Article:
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Apr 17, 2009 BO Bolivia

Emprender has two offices in Cochabamba and three in Santa Cruz. Both these cities have a distinct character, and reputation that precedes them. The Cochabambinos, or “ “Bambinos” (best nick name ever right?) are known for their gigantic plates of food. Everyone tells me that I would eat a lot in Cochabamba, and that I would find the climate perfect. In Santa Cruz, I would find people of a totally different culture. The kind that whistle at the women in the street, take off dancing at a moment’s notice, men with mojo and women with hot blood. All...

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Apr 16, 2009 GT Guatemala

Someone asked me how it was that I seemed to have (almost) constant access to the internet AND no indoor running water or heat. From an American perspective, it seems irrational and contradictory. But, Guatemala is filled with (seeming) contradictions and contrasts. I suspect that many of my “fellow” fellows have experienced the same in the countries where they are working.

The family I live with has satellite TV, a wide screen television (and a television in every bedroom) but they have no indoor running water or heating. They...

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Apr 14, 2009 UG Uganda

Sometimes, when interviewing the entrepreneurs from Pearl Microfinance, Uganda, I am startled to discover how many businesses they have. They are teachers with a few milk cows on the side, or used clothing salespeople who also keep pigs, or farmers who also raise cassava, matoke, and chickens! These ‘super entrepreneurs’ amaze me, but I am always left wondering why do they choose to have so many businesses. Wouldn’t it be better for them to focus just one? Each cycle they could inject all their loan money into one business and it would take off!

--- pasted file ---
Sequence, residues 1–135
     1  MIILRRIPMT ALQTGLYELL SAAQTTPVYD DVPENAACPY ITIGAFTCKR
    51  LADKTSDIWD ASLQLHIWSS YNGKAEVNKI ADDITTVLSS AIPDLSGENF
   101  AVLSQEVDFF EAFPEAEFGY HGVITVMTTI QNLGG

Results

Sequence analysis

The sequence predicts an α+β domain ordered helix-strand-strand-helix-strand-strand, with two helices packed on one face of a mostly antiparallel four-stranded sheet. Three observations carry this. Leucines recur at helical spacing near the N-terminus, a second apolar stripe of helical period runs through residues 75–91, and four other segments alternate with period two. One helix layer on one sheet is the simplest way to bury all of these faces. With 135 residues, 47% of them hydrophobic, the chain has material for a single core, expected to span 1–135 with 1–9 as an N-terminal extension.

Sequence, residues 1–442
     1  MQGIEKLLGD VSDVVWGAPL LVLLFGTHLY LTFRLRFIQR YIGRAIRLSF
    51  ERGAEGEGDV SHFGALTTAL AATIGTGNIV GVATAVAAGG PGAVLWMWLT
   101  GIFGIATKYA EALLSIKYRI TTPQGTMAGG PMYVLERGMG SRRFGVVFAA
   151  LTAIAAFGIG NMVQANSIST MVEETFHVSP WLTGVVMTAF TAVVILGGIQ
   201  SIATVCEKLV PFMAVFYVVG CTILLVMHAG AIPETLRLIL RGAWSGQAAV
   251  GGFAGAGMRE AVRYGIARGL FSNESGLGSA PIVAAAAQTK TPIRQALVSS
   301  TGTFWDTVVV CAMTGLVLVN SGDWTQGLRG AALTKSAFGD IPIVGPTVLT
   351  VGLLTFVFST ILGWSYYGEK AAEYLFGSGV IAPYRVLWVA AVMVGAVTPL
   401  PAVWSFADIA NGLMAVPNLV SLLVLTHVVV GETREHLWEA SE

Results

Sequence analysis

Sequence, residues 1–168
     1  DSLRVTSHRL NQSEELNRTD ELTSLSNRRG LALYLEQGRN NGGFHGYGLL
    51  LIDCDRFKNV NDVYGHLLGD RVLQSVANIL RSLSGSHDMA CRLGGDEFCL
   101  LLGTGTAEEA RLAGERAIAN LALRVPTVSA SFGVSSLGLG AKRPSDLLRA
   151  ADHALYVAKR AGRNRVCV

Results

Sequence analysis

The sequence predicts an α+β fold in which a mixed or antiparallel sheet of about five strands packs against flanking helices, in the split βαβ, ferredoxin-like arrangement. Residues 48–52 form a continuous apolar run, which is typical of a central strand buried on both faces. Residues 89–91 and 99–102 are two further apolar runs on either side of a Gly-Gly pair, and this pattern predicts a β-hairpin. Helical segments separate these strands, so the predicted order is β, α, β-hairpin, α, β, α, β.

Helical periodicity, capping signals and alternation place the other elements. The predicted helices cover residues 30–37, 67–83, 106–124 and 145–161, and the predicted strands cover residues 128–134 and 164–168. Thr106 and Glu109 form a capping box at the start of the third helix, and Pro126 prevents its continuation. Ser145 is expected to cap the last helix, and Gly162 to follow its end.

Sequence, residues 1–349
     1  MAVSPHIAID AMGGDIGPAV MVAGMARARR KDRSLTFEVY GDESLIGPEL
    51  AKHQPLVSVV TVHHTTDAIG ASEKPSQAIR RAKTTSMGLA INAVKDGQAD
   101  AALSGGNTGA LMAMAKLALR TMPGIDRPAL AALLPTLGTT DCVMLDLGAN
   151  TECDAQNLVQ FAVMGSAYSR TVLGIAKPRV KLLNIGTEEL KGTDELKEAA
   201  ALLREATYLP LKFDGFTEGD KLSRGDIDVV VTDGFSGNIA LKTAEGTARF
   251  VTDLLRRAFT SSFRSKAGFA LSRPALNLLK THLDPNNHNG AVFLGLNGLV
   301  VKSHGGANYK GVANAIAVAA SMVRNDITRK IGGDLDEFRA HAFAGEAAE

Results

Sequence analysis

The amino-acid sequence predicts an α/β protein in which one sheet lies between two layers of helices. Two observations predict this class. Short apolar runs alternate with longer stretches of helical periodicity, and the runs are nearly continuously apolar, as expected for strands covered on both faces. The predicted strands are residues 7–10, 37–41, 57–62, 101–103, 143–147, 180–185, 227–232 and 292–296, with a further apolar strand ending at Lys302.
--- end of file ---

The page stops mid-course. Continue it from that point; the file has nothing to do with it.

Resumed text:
As is typical when I am making...

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Apr 13, 2009 GT Guatemala

So, warning, this has NOTHING to do with microfinance.

But, here are two videos that give a definite flavor of life here in Nimasac, Guatemala where I have spent the last two months as a Kiva Fellow with ASDIR, Kiva’s field partner in Totonicapan, Guatemala.

K’iche is the predominant language spoken here. Many people have asked me to describe what it sounds like, but I’ve found that to be an impossible task, so here is a short video of animated dinner conversation in K’iche.

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Apr 13, 2009 CM Cameroon

Living in Bamenda, Cameroon is relatively inexpensive. Taking a taxi from one end of the city to the other can cost you a maximum of 250 CFAs (50 cents). Granted, with everything else, you have to sacrifice some luxuries. Using the taxi as an example, the driver, at times, will fit 7 passengers with him in his mid-sized sedan. That is not unusual, especially for longer trips. Other purchases can be extremely cheap when compared to US prices. An avocado, or “pear” here, costs about 75 CFA (or 15 cents). They can cost even less at times. The trick to getting the low price is,...